Tag Archives: careers

KS4: Work Experience and A-level options

Here is the KS4 Assesmbly powerpoint about Work Experience (year 10s) and Options (year 11s). Also here’s the picture slideshow from before it.

Yeah, I realise it’s only the pictures you’re interested in 🙂

… but joking apart, they contain some interesting ideas. Enjoy.

Remember, the message of all this is: be prepared, be thinking about these issues and moving them along even when we’re not focusing on them in PSHE or tutor time.

Year 10s will be told when Mrs Russell wants to see them again; year 11s will need to come and make their own bookings in the black folder just inside my door. These bookings might be best saved until nearer the options choice, but take it whenever you want it – you probably only get one meeting, so use it well!

US universities – open invitation event

If you are seeking entry to the US university system within the next 2-3 years, you might want to attend this forthcoming event. Not only will you be able to meet representatives of a broad range of excellent universities, you will be able to hear the system explained to you from first thoughts through to final stages of application.

This is not just relevant to year 13, but years 11 and 12 as well – if you are thinking of entering the US university system, go along and hear about it!


A-level options evening

Here’s the powerpoint for year 11s from today’s assembly, on how the options process works for A-level. Look particularly at the first “Careers issues” page, which gives you some sense of how certain subjects link to certain careers.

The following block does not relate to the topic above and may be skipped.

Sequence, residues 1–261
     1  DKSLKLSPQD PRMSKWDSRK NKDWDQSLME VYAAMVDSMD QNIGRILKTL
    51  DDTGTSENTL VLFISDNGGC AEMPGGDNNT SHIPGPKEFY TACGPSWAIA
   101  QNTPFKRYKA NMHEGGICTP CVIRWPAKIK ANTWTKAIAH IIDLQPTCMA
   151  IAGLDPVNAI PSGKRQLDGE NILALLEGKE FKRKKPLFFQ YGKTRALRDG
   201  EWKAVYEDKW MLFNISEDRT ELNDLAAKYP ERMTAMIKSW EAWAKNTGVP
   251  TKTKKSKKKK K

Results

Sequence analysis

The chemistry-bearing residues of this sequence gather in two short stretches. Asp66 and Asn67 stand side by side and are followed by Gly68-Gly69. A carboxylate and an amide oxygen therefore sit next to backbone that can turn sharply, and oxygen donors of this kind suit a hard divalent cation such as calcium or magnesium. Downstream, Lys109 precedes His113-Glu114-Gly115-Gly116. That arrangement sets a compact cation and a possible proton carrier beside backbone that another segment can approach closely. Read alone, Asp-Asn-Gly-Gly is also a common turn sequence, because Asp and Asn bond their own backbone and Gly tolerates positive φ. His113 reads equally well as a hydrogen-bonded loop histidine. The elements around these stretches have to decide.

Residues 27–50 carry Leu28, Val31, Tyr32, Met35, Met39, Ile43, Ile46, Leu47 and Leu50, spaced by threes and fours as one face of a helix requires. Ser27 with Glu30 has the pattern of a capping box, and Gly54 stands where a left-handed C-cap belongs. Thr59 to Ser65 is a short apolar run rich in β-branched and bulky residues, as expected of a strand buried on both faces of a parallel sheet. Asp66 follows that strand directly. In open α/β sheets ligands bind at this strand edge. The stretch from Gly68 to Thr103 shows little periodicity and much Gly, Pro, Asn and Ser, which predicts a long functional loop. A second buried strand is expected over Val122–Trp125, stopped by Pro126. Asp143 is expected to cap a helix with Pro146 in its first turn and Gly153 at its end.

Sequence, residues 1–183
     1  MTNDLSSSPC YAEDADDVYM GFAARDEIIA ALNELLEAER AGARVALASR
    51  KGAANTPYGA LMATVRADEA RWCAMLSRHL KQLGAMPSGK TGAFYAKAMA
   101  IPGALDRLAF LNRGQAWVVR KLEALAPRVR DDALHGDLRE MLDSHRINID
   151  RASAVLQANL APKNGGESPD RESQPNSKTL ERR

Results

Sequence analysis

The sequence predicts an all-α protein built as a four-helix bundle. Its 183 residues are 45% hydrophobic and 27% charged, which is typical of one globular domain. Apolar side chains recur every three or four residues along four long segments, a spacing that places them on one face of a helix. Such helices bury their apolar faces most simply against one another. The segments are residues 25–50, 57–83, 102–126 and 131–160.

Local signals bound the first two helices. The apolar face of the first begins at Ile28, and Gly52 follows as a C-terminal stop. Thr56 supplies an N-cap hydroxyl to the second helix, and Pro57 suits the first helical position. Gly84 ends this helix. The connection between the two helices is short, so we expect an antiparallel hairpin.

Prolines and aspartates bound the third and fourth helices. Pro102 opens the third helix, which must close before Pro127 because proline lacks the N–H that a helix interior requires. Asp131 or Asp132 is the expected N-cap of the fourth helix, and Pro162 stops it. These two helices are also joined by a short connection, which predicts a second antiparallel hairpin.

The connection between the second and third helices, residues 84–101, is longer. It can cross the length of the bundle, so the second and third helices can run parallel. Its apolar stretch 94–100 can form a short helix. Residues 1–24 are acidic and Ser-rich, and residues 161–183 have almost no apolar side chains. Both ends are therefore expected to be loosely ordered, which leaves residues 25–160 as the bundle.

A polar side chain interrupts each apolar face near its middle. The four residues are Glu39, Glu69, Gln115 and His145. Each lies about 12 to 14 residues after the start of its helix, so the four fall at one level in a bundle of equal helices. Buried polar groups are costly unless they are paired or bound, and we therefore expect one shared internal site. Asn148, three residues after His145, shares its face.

Remember that this is just the first, cursory, overview summary of things. Much more detail will be available from Miss Kelly in the Options Evening this coming Wednesday.

In addition – book a slot to come and chat privately to me about your options before then. You don’t need a concrete idea what you want to do in order to have a Careers Support Meeting – in fact, they’re often just a chance to think aloud with a trained adult as a sounding board for your ideas.

Your parents – as I will say frankly to them at the Options Evening – are both the best, and the worst, source of advice. They have oodles of knowledge about their industries, the process of applying for and doing jobs, the ability to construct a career, the sense of what real companies need, and the real-world practicalities about salaries and living costs. At the same time, their knowledge of the education system is often very much out of date, gleaned from (politically biased and misrepresentative) newspapers, and whilst they are usually excellent judges of you as people, may not always be a good judge of you and your prospects as a student. It’s critical to talk and listen to them – but with a pinch of salt, and combine their advice with teachers and near-peers in older year groups.